Women in the Army
U.S. military leaders on Thursday formally lifted the ban on women serving in combat positions, with Defense Secretary Leon Panetta saying women have become an "integral part" of the military and have already demonstrated their willingness to fight during the wars of the last decade.
"It's clear to all of us that women are contributing in unprecedented ways to the military's mission of defending the nation," Panetta said.
The change would open hundreds of thousands of front-line positions and potentially elite commando jobs to women. Panetta and Joint Chiefs of Staff Chairman Gen. Martin Dempsey both approved the change Thursday, and the White House separately said it endorsed the decision.
The groundbreaking move recommended by the Joint Chiefs of Staff overturns a 1994 rule banning women from being assigned to smaller ground combat units. Panetta's decision gives the military services until January 2016 to seek special exceptions if they believe any positions must remain closed to women.
He argued that women, who already make up 15 percent of the force, have increasingly found themselves in the "reality of combat" during Iraq and Afghanistan. He said not everyone can meet the qualifications to be a combat soldier but that everyone is entitled the opportunity.
"They're serving in a growing number of critical roles on and off the battlefield," Panetta said of women. "They have become an integral part of our ability to perform our mission."
Some front-line military roles may open to women as soon as this year. Assessments for others, such as special operations forces, including Navy SEALS and the Army's Delta Force, may take longer.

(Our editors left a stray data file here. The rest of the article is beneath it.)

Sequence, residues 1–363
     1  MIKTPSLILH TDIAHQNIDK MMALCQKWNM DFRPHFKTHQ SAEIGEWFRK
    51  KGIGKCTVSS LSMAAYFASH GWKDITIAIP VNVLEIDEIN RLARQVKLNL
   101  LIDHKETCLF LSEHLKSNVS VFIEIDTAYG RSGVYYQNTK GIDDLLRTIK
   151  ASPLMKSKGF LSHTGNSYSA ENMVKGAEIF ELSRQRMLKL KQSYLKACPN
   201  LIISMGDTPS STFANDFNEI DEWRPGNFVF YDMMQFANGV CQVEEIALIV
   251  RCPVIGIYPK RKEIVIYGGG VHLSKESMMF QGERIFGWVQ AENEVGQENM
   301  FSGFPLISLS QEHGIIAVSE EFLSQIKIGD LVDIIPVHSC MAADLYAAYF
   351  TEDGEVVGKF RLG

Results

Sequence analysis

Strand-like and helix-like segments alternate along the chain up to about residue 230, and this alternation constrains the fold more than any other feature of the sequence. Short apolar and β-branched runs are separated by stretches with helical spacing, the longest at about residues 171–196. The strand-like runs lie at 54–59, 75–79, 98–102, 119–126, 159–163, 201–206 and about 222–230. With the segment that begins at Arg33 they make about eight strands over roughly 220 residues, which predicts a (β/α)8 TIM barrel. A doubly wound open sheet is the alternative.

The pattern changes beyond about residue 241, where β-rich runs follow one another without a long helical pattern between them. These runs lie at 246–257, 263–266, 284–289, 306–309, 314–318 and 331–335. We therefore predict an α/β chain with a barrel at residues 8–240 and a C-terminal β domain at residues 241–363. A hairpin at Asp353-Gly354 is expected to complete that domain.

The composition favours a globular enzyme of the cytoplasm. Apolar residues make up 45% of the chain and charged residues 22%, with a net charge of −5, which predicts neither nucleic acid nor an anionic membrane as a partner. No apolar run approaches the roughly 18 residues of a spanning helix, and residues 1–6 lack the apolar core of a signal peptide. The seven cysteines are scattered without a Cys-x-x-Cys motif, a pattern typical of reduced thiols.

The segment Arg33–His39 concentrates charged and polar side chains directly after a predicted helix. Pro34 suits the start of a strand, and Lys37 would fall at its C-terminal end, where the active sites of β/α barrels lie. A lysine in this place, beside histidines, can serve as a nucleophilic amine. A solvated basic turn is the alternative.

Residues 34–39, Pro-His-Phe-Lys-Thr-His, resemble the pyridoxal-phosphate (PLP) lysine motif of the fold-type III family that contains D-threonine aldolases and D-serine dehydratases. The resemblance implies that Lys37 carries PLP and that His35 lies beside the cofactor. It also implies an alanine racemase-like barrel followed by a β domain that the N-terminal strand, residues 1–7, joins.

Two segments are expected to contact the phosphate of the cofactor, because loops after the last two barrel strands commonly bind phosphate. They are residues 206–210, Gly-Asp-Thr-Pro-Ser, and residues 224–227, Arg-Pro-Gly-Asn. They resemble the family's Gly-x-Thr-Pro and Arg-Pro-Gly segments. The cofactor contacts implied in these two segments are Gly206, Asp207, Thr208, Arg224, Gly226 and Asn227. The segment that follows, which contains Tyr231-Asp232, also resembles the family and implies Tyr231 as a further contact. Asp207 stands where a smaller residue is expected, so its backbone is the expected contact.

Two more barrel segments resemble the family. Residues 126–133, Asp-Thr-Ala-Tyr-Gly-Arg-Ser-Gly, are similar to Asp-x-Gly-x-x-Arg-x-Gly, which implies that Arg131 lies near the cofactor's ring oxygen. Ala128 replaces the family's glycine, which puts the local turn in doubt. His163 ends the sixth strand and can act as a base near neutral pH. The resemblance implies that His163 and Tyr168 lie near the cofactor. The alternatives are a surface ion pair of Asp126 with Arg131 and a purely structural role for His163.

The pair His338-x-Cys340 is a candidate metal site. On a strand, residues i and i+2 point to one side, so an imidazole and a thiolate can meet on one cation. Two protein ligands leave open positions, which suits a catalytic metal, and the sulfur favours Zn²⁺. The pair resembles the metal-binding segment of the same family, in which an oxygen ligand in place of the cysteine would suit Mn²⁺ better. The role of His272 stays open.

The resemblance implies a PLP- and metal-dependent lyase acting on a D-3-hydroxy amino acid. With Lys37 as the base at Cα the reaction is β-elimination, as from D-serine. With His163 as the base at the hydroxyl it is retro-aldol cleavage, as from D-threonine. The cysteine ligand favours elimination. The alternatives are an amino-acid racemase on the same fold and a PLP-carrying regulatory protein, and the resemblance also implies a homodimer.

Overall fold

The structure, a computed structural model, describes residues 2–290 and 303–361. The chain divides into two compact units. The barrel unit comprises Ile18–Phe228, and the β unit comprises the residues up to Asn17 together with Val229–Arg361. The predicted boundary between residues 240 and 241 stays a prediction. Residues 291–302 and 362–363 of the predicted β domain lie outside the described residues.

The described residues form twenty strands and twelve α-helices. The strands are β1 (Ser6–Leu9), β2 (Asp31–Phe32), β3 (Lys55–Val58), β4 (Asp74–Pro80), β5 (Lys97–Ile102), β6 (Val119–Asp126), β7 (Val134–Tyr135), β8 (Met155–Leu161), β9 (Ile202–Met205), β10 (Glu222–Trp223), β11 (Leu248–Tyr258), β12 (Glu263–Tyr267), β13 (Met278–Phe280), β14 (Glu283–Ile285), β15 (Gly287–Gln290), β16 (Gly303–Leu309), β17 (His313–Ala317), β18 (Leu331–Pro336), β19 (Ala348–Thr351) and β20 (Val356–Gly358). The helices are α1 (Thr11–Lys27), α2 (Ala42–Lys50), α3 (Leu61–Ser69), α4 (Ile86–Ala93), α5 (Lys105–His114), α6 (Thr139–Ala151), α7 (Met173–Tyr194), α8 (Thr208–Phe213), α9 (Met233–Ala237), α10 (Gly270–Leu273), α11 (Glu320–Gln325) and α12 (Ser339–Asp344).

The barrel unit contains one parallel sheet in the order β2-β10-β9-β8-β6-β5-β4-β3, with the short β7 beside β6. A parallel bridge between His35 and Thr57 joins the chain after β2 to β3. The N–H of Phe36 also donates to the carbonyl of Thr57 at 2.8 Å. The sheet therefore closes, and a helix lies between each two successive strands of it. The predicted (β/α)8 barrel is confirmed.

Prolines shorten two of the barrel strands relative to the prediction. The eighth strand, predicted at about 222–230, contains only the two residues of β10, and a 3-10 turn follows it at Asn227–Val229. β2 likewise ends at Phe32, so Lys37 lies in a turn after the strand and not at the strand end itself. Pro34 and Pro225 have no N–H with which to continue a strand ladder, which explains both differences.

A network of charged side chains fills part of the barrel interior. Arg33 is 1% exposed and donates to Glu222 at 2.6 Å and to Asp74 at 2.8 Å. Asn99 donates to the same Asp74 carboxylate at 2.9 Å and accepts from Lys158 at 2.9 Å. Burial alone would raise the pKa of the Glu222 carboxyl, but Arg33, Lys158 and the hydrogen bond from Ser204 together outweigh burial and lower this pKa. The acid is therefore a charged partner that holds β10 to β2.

A defense official told the Associated Press that the military chiefs must report back to Panetta with their initial implementation plans by May 15.
Women in the Army
Panetta's move expands the Pentagon's action nearly a year ago to open about 14,500 combat positions to women, nearly all of them in the Army. This decision could open more than 230,000 jobs, many in Army and Marine infantry units, to women.
Senator John McCain, R-Ariz., said he supports Panetta's decision.
"The fact is that American women are already serving in harm's way today all over the world and in every branch of our armed forces," he said in a statement. "Many have made the ultimate sacrifice, and our nation owes them a deep debt of gratitude."
The senator also urged the military, and particularly elite special forces units, to ensure they maintain their "rigorous physical standards."
In recent years the necessities of war propelled women into jobs as medics, military police and intelligence officers that were sometimes attached -- but not formally assigned -- to units on the front lines.
Panetta is preparing to step down as Obama begins his second term, with former Sen. Charles Hagel nominated to take Panetta's place.